TB: Carzon realized that they had only one real asset, and that is a satisfied customer prepared to come back to SAS and pay for their costs at least once more.
J2020F: What change force triggered his insight?
TB: While competitors cut back on new product development in the face of sagging demand, SAS invested heavily in its Businessman's Airline Program, a new approach conceived by Carlzon and small team of handpicked people.
J2020F: How did the revitalized SAS Cultural Revolution unfold?
TB: Through a variety of initiatives -- a cost reduction drive, a new corporate identity, and new marketing projects.
J2020F: What was Carlzon’s leadership role in all this?
TB: He instituted a punctuality drive, which he supervised from his office with a viewing screen providing him with details of all flights, their departure and arrival times, and delays. Occasionally he even personally phoned the pilots.
J2020F: How was this approach different than IBM’s committee style you described before?
TB: Under Carlzon's influence, the resistance to change was relatively weak and SAS was open to a continuous change process, whereas, the IBM culture resisted strongly to a strong change force.
J2020F: A cultural revitalization is all about delegation, right? What changes did Carlzon bring about in this area?
TB: Responsibility for action was delegated downward to the front line, putting employees in charge. Management was asked to serve as consultants rather than as leaders of the organization.
J2020F: How is that different that the corporate headquarters telling everyone that they are now empowered, and then everyone is on their own to fail?
TB: To implement the Cultural Revolution, Carlzon and his team personally visited the front line all over the company and established a training program on the new concept of service for 20,000 managers and employees.
J2020F: So a CEO and senior managers develop the guidelines on how the company is going to deal with the discontinuity?
TB: Yes. The guidelines include the new mission of the company, its values and acceptable behavior, and concrete objectives like catching up with the number-one competitor.
J2020F: But behaviors and attitudes don’t change by themselves. What else has to occur?
TB: Supporting systems and processes are then developed to encourage each individual to adopt his or her activities to the mission and objectives.
J2020F: So, implementation is delegated to the frontline executives, who can best adapt the company's response to the environment, in harmony with the corporate vision?
TB: Of course, the cultural style involves the delegation of both decision-making and implementation to frontline executives. The strengths of the cultural approach are also- it's weakness.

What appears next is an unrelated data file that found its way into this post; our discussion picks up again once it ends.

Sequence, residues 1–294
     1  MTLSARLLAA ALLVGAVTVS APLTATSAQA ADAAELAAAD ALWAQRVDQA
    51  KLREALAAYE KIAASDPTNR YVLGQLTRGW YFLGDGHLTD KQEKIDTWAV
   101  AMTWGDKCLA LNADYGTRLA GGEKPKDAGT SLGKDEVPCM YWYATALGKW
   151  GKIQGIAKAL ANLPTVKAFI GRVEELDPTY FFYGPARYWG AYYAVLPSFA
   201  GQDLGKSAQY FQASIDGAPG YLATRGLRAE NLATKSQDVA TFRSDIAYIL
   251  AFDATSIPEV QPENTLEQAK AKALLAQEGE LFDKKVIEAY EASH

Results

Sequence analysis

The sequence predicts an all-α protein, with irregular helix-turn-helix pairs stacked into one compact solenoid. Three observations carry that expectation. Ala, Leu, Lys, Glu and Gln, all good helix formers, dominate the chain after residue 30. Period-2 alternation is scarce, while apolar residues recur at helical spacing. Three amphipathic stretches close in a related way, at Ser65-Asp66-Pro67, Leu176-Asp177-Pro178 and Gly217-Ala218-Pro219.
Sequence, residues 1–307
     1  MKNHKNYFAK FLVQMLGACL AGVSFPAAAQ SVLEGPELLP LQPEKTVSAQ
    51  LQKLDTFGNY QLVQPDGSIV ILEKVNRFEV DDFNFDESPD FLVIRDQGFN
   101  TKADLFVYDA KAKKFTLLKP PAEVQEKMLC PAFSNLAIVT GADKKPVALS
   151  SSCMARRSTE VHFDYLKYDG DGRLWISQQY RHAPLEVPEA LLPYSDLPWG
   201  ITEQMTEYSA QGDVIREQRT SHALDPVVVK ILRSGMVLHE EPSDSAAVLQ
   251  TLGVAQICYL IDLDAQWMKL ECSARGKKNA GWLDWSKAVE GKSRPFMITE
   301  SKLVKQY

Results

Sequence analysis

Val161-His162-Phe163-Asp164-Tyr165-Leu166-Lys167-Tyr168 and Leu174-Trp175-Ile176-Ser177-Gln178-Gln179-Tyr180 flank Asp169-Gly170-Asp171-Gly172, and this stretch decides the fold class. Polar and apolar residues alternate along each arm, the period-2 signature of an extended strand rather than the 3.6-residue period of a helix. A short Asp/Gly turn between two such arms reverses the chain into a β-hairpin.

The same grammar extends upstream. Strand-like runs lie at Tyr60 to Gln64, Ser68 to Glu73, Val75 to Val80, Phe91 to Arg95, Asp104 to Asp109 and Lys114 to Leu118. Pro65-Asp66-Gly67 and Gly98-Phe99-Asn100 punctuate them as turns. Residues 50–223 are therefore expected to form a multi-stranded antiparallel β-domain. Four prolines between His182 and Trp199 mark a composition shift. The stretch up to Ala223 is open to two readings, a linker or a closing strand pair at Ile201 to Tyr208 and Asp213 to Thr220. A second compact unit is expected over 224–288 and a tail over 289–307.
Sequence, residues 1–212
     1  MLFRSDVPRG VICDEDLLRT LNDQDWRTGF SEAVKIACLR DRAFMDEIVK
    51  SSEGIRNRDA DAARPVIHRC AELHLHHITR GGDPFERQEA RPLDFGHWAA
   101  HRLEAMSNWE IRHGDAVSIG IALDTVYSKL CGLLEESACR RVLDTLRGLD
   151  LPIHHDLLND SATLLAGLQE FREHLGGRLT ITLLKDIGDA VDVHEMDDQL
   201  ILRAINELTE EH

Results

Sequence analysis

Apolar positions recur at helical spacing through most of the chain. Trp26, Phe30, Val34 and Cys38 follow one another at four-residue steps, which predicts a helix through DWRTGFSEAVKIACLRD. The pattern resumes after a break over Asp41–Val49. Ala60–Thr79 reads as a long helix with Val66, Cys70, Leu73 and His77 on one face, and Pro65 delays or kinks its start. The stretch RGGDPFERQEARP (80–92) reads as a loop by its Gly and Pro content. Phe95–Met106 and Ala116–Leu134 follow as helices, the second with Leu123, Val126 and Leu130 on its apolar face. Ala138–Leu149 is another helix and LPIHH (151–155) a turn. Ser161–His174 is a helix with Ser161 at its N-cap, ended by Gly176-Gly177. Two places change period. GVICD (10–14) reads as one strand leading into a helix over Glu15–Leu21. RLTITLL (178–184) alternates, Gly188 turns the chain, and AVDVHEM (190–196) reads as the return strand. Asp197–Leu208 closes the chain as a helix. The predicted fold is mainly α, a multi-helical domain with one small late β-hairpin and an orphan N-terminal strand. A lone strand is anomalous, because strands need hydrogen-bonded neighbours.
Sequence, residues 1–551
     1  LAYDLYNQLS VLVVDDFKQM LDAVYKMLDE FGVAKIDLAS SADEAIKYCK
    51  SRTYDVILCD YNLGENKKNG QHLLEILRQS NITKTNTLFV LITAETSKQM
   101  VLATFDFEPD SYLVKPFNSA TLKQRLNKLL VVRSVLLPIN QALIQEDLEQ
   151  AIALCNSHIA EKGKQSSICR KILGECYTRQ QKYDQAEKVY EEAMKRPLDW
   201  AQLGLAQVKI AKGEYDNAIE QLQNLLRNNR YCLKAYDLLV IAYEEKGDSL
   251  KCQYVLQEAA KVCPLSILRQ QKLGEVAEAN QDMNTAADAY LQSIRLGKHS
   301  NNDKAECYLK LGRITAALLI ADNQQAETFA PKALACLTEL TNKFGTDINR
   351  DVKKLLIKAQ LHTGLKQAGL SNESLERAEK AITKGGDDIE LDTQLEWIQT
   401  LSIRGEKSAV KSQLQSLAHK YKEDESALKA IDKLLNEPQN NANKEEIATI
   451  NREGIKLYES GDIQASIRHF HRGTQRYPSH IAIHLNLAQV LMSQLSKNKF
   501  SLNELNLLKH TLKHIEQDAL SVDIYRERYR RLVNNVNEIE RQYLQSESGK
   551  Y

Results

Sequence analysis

J2020F: In what way? Don’t shared values embedded in a strong culture hold an organization together during times of adversity?
TB: True, but the change in beliefs and behavior can take an enormous amount of time. And, a strong culture can make the organization vulnerable to the not-invented-here syndrome.
J2020F: What about in response to a radical change?
TB: The cultural approach cannot be used successfully in crisis situations. Early revitalization avoids the later need for a sudden radical restructuring to deal with radical change.
J2020F: So, by the time action plans are formulated in the cultural model, the business will be overwhelmed by the discontinuity.
TB: Just as a cultural model will fail in sudden restructuring efforts, any attempt to use the commander style on a revitalization path, or the cultural style for restructuring will doom the intervention before it starts.
J2020F: What about during renewal efforts?
TB: No, the cultural approach isn’t appropriate for the partial renewal of an organization.
TB: The all-encompassing reach of cultural change typically goes beyond the more focused change expected of task forces charged with renewal.
J2020F: So, only the all-encompassing, delegating, cultural style fits revitalization but not radical restructuring because of the urgency needed?
TB: Exactly. Top management decides to revitalize the company with a radical but gradual decentralization of all decision-making designed to change the culture.
J2020F: The objective is to make the whole company more market-sensitive by widening the responsibility of both divisional and operating management, right?
TB: And. to raise productivity by increasing the responsibility of the employees and workers.
J2020F: How is this new approach typically introduced?
TB: As was the case with SAS, at the management level, the new approach is typically introduced through the planning process.
J2020F: And then implementation encourages and supports, what?
TB: Entrepreneurial, cost-cutting, and action-oriented projects.
J2020F: Such as?
TB: Local management is given responsibility for plant-level finance and marketing, for example, together with most of the decision-making and implementation by the frontline executives.
J2020F: Ok. We've covered resistance and revitalization, how about renewal?